APCSS partners with Singapore’s IDSS for conference on Southeast Asia
In September, the Asia-Pacific Center for Security Studies co-hosted a three-day conference on “Security Cooperation and Governance in Southeast Asia: Responding to Terrorism, Insurgency, and Separatist Violence in Indonesia, Thailand, and the Philippines” in Singapore. More than 80 attended the events which was co-hosted with the Institute for Defence and Strategic Studies.
This conference provided a comprehensive and up-to-date assessment of the current status and prospects for resolution of the three primary security threats facing Southeast Asia today: separatism, insurgency, and terrorism. It also helped identify the relationships and dynamics linking these three threats; looked at lessons learned from security responses to date; and identified regional needs and opportunities for regional and extra-regional engagement to address current and potential threats.
Examples of the Conference discussions:
The December 26, 2004, earthquake and tsunami was critical in: i) opening the way for international involvement in the region and providing the Indonesian military (TNI) an occasion to be rewarded for reform and openness; ii) focusing attention on achieving peace if long term aid was to continue to flow; iii) consolidating the political will of the Government of Indonesia (GOI) to push for a comprehensive settlement and; iv) in convincing the Free Aceh Movement (GAM) that the time had come for a negotiated conclusion to hostilities.
The second key factor was the presence of the newly elected president, Susilo Bambang Yudhoyono, who had a clear public mandate as a result of Indonesia’s first direct presidential elections, a good working relationship with his former colleagues in the TNI, and considerable prior experience in the Wahid and Megawati administrations as coordinating minister for political and security affairs in working toward a settlement in Aceh.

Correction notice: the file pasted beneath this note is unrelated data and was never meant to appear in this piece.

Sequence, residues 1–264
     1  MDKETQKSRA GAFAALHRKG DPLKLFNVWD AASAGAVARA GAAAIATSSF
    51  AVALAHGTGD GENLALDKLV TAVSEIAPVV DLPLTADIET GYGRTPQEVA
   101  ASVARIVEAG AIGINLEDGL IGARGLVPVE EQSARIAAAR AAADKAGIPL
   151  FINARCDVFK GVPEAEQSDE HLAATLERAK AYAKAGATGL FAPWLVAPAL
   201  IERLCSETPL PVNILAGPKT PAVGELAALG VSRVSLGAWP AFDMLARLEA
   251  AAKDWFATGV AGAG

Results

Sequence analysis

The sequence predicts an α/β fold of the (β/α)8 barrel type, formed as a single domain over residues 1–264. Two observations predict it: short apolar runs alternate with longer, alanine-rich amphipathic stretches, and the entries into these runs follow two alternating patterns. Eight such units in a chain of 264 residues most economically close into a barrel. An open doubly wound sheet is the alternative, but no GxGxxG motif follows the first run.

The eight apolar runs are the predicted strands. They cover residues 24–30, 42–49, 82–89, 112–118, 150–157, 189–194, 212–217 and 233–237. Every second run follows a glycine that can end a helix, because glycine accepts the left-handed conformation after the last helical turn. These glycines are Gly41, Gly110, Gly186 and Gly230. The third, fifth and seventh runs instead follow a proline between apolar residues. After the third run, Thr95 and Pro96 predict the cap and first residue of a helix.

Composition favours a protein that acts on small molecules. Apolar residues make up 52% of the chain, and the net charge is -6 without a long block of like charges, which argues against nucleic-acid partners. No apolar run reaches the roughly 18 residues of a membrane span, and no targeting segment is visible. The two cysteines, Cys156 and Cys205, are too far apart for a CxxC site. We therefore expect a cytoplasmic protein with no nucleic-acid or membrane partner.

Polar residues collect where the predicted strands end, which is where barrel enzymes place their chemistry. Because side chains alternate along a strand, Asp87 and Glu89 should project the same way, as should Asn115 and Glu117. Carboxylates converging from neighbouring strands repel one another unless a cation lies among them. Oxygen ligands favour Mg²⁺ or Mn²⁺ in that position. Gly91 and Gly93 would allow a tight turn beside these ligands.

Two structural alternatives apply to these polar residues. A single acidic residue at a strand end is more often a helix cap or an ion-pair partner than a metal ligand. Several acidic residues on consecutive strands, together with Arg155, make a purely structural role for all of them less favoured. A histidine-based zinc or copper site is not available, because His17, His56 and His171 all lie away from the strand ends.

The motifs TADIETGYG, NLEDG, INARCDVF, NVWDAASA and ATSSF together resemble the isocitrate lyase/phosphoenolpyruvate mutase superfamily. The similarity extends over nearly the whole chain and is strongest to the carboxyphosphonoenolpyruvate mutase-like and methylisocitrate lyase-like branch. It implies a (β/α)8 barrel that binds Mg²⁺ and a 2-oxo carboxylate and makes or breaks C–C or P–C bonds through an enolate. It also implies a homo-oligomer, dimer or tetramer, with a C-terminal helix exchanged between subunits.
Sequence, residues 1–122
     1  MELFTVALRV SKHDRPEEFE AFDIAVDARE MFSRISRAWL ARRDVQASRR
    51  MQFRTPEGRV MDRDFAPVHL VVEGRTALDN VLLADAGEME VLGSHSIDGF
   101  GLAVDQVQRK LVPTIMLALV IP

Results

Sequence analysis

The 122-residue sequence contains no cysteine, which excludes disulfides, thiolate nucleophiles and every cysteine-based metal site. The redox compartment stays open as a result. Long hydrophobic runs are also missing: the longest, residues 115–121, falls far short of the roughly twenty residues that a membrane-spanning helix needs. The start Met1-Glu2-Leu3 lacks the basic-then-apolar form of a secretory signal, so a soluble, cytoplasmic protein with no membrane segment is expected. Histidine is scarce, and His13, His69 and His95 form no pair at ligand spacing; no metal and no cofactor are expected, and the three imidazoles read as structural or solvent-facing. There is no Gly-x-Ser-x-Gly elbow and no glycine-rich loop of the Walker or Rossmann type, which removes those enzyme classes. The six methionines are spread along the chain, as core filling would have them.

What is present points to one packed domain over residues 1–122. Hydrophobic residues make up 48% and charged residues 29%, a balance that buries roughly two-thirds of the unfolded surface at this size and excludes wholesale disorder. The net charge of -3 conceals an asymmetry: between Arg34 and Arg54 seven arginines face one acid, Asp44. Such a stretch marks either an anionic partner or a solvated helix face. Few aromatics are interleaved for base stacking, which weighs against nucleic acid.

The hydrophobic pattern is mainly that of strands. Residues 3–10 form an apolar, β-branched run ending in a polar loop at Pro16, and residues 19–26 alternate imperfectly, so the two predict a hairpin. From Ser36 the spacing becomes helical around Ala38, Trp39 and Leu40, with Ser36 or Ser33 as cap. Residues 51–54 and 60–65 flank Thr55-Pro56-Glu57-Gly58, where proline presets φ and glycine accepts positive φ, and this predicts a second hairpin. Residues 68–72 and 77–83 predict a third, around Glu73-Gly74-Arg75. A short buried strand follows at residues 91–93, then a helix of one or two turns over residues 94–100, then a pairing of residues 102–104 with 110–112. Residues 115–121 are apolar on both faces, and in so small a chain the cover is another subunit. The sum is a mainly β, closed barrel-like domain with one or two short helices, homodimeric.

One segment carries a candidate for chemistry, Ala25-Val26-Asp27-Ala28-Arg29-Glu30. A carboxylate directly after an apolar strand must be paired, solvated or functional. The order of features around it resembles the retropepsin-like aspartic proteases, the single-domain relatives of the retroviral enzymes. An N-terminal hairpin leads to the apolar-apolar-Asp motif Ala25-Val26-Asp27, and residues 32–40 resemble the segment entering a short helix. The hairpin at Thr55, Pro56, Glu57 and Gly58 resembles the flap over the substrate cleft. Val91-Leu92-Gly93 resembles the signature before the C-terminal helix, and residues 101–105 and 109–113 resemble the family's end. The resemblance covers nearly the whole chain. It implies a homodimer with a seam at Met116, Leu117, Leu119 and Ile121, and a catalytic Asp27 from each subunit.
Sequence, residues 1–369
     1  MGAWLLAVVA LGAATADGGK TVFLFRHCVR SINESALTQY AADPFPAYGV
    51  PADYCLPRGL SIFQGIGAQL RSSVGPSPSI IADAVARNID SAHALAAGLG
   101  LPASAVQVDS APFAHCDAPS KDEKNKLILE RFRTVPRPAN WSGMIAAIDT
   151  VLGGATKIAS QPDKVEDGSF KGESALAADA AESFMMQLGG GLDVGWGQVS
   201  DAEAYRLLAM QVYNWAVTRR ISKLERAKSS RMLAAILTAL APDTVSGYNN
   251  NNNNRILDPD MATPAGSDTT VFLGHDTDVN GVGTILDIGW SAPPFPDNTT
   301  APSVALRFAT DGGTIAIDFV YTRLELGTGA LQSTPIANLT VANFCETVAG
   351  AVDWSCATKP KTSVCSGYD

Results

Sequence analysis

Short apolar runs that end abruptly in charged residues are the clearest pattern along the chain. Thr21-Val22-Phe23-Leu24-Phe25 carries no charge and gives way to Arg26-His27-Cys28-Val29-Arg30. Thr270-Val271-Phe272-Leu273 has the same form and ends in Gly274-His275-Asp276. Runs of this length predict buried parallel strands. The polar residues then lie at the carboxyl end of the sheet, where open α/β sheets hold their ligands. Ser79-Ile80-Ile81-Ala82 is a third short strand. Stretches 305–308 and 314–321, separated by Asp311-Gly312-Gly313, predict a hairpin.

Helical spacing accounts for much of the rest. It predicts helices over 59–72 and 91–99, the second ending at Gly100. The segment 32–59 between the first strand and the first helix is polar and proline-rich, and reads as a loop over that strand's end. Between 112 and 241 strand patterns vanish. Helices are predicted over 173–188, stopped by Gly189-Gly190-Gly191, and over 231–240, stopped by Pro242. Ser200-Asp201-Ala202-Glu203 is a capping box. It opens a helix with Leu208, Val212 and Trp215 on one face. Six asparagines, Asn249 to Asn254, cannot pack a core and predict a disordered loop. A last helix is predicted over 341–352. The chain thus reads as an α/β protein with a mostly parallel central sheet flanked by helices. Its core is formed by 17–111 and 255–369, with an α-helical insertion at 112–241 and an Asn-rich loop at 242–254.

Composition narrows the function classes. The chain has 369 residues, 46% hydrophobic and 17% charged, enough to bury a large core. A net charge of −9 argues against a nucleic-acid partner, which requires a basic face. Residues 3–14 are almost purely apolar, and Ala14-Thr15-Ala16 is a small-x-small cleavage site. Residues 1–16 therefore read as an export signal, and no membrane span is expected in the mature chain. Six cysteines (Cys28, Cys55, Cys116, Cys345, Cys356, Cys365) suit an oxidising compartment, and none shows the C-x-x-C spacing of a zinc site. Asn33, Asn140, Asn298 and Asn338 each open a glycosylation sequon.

The underlying issue is essentially an ethno-nationalist one – it is bound up with Malay identity and the failure of the government in Bangkok to accommodate Malay aspirations. Religion is very much a secondary issue. This is about Malayness not about Islam, and linkages with ulama (Islamic scholars), mosque and madrasah (Islamic schools) are secondary and essentially coincidental as sites for traditional Malay community consultation and leadership.
Islam plays a much greater role in the southern Philippines than it does in southern Thailand but even there it is important to understand that Islam is but one factor in a very complicated mix.
This is true even within the MILF which is so highly factionalized as to no longer represent a single, coherent, organization. Some factions are strongly motivated by Islamist, and even jihadi Islamist, political aspirations whereas others are willing to negotiate with the Government of the Republic of the Philippines (GRP) and accept secular government and social pluralism. The role of personal charisma and personal networks cannot be underestimated.
There is a great multiplicity of key actors and most are very fluid in their orientation. This needs to be kept in mind in analyzing current and future JI links with MILF factions.
APCSS hosts 8-12 outreach events each year in Hawaii and throughout the Asia-Pacific Region. In the past APCSS has hosted more than 100 conferences with more than 6,500 attendees from 66 countries